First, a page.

Overall, plastic cases are certainly usable and can be improved with enough patience from the end-user. But with that said, there are plenty of other higher-end case materials.
Polycarbonate (PC) Keyboard Cases
Polycarbonate is very similar to plastic. However, the quality of polycarbonate is significantly higher than plastic. Everything from the feel to the finish will be considerably more premium.
PC cases are, however, pretty light, just like plastic. In order to compensate for its lack of heft, most keyboard manufacturers add weights at the back to make the keyboard heavier.
Unlike plastic cases, PC cases are typically more expensive to manufacture. They are tougher than ABS plastic and are more impact-resistant. They are, however, more prone to scratches.
When it comes to variety, PC cases come in different designs and colors. Some are clear and frosted, while others have solid colors. Overall, PC cases take all the best qualities of plastic cases and make them even better.
Aluminum Keyboard Cases
Aluminum is a more premium case material that is often used with higher-end custom keyboards and higher-end premade keyboards. They are considerably heftier than both PC and plastic cases which adds to their premium feel. Some brands also add brass weights to the back of aluminum cases to further increase the weight.
Unlike plastic cases, aluminum cases use a different kind of coating for their finish. Most aluminum cases go through a process known as anodizing. However, they are prone to scratches and easily show wear and tear.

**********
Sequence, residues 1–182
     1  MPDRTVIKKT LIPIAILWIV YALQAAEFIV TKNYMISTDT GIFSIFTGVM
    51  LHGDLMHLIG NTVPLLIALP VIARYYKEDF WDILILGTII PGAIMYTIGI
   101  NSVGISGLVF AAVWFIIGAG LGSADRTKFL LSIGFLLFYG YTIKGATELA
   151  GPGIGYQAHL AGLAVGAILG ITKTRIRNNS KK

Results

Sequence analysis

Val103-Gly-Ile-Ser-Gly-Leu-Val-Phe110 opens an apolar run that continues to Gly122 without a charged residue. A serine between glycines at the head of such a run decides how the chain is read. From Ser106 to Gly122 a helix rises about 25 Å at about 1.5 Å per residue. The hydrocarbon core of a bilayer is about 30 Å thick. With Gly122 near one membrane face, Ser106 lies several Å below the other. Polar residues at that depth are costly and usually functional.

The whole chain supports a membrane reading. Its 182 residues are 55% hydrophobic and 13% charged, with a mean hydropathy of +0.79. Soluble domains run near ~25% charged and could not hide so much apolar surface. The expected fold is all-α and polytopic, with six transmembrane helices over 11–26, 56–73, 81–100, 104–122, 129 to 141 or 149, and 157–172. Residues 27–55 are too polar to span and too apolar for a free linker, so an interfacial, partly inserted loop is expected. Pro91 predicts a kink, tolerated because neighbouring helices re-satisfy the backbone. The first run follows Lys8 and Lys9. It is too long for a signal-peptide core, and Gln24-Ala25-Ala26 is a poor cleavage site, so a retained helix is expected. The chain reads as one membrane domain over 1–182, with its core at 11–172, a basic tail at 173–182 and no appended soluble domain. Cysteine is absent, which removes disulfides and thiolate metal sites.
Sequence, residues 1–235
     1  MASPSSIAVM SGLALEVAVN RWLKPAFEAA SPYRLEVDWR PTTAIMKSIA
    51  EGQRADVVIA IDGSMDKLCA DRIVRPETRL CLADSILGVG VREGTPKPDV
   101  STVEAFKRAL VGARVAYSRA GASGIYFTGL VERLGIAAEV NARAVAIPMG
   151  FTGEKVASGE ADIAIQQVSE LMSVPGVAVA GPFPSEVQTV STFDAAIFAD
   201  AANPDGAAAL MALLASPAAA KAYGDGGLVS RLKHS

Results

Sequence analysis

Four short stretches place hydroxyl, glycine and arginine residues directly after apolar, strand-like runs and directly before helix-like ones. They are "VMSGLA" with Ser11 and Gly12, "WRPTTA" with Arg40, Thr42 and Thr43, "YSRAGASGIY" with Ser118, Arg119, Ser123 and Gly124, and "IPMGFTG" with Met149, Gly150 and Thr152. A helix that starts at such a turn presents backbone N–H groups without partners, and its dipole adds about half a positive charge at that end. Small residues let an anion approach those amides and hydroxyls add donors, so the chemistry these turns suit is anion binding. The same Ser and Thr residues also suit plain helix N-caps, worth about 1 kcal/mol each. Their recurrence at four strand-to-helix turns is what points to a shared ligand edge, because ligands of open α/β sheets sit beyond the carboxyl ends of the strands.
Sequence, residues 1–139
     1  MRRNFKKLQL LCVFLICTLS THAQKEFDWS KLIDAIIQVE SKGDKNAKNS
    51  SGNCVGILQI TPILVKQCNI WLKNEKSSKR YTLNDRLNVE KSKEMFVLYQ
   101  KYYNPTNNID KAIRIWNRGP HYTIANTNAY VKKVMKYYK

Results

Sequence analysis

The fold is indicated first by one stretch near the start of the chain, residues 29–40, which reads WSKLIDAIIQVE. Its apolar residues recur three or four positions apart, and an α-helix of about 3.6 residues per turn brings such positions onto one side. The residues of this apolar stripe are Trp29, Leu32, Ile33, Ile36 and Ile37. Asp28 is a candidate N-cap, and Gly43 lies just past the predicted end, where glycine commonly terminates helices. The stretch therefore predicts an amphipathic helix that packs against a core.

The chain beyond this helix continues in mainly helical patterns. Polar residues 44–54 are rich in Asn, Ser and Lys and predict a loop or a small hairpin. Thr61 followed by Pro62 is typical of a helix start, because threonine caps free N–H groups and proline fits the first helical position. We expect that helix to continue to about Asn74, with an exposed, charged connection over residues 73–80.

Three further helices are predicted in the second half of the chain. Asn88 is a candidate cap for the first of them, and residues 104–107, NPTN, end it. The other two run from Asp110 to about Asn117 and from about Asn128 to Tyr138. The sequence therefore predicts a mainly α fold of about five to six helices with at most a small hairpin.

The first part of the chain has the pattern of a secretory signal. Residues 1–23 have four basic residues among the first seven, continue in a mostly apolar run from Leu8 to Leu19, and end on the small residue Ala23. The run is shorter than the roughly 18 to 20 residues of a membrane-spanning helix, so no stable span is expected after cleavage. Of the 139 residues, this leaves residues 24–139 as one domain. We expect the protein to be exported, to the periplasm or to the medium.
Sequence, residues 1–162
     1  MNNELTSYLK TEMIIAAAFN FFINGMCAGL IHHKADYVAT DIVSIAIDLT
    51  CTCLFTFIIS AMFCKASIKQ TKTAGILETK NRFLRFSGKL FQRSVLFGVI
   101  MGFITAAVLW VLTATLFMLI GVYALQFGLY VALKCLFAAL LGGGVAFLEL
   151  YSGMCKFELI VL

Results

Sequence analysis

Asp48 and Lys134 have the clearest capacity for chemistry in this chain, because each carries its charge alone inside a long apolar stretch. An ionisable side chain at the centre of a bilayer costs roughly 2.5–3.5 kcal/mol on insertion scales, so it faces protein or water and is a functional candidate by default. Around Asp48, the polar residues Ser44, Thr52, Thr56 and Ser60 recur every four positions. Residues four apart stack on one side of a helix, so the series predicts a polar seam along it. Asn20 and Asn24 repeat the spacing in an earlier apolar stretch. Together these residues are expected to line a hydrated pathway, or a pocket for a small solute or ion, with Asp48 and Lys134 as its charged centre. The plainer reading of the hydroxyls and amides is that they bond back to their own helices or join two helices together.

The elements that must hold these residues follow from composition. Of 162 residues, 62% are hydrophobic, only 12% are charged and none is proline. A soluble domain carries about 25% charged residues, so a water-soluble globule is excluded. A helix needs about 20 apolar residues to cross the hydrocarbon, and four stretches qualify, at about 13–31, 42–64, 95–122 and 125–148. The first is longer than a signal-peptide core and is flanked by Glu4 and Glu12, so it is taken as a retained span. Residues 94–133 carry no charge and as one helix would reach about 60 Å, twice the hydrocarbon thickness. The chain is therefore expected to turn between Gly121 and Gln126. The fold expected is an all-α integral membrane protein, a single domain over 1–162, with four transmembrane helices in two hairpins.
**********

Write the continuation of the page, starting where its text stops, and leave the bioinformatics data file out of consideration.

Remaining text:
The only downside with aluminum cases is that case dampening is almost always required. Most aluminum cases can sound tinny or hollow without foam, silicone, or other dampening materials.
Acrylic Keyboard Cases
Acrylic cases are less commonly used compared to the case materials that we have discussed. The reason for this is because they have a very specific use case, and that is to diffuse RGB.
Due to the characteristics of acrylic, these cases tend to show off RGB better. If you are planning on adding RGB underglow to your keyboard, then acrylic cases are your best bet.
These cases generally come in two forms, stacked acrylic and frosted acrylic. Stacked acrylic is composed of different layers that are stacked on top of each other. They are commonly used for unorthodox layouts, such as the Arisu/Alice layout.
Frosted acrylic cases, on the other hand, are more common. They are usually used for builds that have underglow. Some examples are the Frosted Acrylic Tofu.
Wood Keyboard Case